A client was getting really frustrated because the social media previews for their site were out of date.Continue reading “It is possible for a user interface to be too simple”
I know Jacob Nielsen says so. But recently on a site I run I’ve been trying to highlight certain days of the year by changing the site’s logo to an appropriately themed version. You know, like Google does.
I thought it was a great idea.
But every time I put up a carefully crafted, painstakingly placed ‘special day logo’ I get a few complaints from influential people about how inaccessible or invisibe the text about the day is.
They argue that no one sees our explanatory text because they don’t know to click on or mouseover the logo. As evidence they offer up the fact that they personally don’t.
“But it’s a web design practice that’s been widely followed for almost ten years now,” I reply, exasperated. “Surely you’ve noticed it.”
I am met with silence.
So I’m doing an informal survey of my online friends to see if this they are aware of and do they use the hyperlinked logos.
So far it looks like the more likely you are to read Jacob Nielsen columns, the more likely you are to know that click-the-logo means ‘home page’.
The more likely you are to read Jacob Nielsen, the more likely you are to know
People do click the logo to go home. Of the thirty or so (on average) ways to leave a page on the site in question, click-the-logo is the most often used way. But it counts for only about ten per cent of the “exits” on any given page.
So if you have a little bit to say, which is better? the article on the front page, or the explanatory text accompanying the changed logo?
It’s still the explanatory text with the logo if for no other reason than your odds of it being seen are much higher. The front page on this site is the most frequently viewed page, but it’s still only about 20 per cent of the total page views in a given month. Whereas the logo is on every page.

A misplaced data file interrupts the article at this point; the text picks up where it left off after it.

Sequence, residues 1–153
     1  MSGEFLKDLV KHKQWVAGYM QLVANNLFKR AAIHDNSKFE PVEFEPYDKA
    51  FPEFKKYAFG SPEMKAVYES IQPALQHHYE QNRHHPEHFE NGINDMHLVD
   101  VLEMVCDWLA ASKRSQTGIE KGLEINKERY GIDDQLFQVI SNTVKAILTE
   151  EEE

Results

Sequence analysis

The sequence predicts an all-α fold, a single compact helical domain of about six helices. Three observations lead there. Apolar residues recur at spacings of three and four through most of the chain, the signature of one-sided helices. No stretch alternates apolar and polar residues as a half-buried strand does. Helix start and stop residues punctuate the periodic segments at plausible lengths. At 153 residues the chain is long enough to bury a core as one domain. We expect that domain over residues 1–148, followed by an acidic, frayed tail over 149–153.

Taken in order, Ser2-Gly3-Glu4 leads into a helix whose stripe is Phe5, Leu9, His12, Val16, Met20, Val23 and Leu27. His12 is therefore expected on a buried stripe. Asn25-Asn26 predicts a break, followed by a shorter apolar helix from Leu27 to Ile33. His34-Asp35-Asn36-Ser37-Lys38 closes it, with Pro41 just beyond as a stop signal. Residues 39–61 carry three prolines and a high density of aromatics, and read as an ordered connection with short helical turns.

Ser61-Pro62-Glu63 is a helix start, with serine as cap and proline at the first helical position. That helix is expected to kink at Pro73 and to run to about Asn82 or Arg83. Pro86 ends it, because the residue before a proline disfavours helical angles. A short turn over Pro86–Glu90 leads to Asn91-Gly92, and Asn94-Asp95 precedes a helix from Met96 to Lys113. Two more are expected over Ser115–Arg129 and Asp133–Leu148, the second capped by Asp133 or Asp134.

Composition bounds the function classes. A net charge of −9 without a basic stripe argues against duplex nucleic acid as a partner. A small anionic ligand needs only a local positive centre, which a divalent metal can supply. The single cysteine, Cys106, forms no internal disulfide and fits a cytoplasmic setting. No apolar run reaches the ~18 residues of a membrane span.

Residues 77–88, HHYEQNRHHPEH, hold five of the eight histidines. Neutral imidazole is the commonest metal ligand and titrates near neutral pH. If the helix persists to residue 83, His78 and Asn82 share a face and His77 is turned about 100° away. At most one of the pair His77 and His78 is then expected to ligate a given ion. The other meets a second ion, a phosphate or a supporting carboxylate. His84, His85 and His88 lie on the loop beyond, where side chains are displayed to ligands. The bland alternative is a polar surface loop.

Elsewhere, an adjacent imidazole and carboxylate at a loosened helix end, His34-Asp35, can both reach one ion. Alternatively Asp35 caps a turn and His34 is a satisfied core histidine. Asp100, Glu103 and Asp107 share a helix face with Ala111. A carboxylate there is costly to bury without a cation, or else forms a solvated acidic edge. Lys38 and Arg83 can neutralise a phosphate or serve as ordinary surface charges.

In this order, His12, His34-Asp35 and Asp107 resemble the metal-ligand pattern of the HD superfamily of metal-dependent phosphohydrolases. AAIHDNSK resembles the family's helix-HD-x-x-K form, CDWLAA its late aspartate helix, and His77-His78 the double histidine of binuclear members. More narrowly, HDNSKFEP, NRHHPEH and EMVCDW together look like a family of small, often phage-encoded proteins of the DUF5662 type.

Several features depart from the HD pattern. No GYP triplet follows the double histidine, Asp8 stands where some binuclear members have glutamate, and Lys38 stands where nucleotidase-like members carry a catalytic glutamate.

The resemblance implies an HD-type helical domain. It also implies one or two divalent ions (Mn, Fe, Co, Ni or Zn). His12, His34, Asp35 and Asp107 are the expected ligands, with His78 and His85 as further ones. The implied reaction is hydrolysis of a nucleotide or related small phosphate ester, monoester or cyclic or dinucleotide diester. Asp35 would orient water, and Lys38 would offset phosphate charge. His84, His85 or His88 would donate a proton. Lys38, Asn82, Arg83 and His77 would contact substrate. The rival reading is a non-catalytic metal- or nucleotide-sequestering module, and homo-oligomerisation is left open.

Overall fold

The page views also tell a story, though a confusing one. The latest special logo didn’t fare as well as our trial balloon special logo. Only about a third as many page views. But still significantly more page views than last year’s front page article.
It’s hard to isolate all the reasons for that. Maybe this special logo’s purpose wasn’t clear to people. It was about Earth Day. Someone emailed me to say, “Nice logo, really spring-y.” Thanks. I think. Bet that person didn’t click.
Maybe our visitors care more about poverty than the environment? A bit of a stretch of a conclusion, given what public opinion polls say about the subject.
Traffic in general on our recent day was significantly higher 38% more visits than our ‘trial balloon’ day (Wednesday vs Friday).
More often than not web design is about finding a compromise position between eye candy and eye oatmeal. And you often have to privilege one over the other.Continue reading “Web design: art versus engineering”